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. Last Updated: 07/27/2016

U.S. Rewards Almaty, Boosting Aid Package

WASHINGTON -- President Bill Clinton pledged $396 million in new U.S. economic assistance to Kazakhstan to help the former Soviet republic to move to a market economy and dismantle its nuclear weapons.


Clinton, at a news conference with Kazakh President Nursultan Nazarbayev, made the pledge after Nazarbayev handed over papers documenting Kazakhstan's agreement to join the Nuclear Nonproliferation Treaty.


The two leaders also signed a charter on democratic partnership providing for improved economic relations between their two countries.


Clinton raised the aid figure from $91 million last year to $311 million this year economic assistance to Kazakhstan to help the country move toward a market economy.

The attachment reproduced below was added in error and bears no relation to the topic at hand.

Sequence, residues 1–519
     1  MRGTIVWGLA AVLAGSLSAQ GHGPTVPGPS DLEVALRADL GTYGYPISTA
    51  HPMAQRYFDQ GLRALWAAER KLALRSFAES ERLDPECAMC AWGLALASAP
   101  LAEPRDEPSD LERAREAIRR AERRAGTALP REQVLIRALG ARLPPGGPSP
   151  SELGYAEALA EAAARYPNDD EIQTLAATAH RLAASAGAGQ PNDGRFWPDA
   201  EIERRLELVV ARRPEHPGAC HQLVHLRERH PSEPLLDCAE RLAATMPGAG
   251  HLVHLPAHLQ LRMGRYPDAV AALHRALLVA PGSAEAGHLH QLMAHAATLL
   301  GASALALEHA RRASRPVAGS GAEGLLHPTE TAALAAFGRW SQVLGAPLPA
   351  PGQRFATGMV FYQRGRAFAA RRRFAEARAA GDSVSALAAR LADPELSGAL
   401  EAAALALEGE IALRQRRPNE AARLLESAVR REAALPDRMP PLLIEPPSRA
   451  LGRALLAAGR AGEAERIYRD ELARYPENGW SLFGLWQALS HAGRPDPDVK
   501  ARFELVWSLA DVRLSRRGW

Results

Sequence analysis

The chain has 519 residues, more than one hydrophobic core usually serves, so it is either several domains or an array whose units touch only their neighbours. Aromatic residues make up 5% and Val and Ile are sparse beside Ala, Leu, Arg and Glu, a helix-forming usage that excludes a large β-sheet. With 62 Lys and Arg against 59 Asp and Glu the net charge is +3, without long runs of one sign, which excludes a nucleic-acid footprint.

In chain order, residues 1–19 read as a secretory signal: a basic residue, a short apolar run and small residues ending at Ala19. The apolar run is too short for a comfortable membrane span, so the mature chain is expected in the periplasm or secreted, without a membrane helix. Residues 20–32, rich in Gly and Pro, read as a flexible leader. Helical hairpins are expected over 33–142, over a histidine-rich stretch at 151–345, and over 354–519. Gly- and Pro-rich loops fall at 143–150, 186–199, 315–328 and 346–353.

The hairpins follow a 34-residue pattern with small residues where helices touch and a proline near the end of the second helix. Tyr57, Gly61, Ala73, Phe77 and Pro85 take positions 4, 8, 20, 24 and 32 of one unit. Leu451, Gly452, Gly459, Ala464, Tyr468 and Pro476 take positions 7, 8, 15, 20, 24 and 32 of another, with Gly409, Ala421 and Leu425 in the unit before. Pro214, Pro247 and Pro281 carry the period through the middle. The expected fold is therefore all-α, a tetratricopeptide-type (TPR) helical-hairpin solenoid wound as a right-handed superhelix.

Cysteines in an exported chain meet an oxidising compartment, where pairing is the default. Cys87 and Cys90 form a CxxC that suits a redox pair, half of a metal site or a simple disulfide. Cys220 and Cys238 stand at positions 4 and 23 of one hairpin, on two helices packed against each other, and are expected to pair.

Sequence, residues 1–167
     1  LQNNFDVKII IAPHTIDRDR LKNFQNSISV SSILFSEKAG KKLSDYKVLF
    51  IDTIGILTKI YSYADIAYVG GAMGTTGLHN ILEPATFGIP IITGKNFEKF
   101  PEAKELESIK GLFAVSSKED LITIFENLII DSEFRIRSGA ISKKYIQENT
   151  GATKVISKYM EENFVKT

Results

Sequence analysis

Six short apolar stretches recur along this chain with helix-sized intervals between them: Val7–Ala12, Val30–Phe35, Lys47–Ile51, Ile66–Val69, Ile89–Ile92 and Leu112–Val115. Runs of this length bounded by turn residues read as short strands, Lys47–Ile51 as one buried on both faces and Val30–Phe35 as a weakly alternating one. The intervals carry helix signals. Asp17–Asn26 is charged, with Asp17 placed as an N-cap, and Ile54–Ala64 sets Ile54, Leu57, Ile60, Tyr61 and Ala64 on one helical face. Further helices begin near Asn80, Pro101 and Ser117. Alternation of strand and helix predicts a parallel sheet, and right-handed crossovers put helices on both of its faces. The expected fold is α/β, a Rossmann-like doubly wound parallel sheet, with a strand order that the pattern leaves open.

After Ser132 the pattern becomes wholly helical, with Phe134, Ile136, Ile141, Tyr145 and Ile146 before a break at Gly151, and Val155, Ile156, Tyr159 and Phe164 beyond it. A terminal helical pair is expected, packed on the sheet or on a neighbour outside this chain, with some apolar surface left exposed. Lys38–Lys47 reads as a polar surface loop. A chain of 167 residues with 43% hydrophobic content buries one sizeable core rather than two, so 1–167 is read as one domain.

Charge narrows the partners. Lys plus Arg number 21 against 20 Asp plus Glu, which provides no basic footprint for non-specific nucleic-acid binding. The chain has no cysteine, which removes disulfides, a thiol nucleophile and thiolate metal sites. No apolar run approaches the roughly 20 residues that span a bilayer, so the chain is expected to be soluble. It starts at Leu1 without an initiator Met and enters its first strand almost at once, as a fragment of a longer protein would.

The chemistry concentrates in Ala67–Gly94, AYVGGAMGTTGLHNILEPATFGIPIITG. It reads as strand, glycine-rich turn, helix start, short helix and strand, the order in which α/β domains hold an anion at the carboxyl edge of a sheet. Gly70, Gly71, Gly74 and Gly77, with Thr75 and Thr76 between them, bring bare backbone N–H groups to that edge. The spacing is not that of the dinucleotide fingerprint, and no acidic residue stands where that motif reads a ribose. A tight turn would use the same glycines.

And he said he was prepared to extend another $85 million to help Kazakhstan dismantle a nuclear arsenal left on its territory after the collapse of the Soviet empire two years ago.


Kazakhstan is the third former Soviet republic to which Clinton has pledged additional U.S. aid in the past month in an effort to coax them into giving up Cold War nuclear arsenals.


When the Soviet empire collapsed two years ago, the Kazakhs found themselves with 1,400 warheads and 104 intercontinental missiles. They have given up most of them and signed the Nuclear Non-Proliferation Treaty.


The country has environmental troubles and many people have health problems from 470 nuclear test explosions conducted during Soviet rule.


Washington believes Kazakhstan has made more progress on economic and political reform than most, if not all, of the other former Soviet states.


Nazarbayev, the last republican president to declare independence as the Soviet Union spun towards disintegration in 1991, still cracks down on dissent and controls the press.


But his policies have brought relative stability and drawn more Western and Asian businessmen to Kazakhstan.


Many oil executives see Kazakhstan as the next Kuwait. More than 60 U.S. firms have set up in Almaty, as well as international giants including South Korea's Daewoo and Germany's Mercedes-Benz.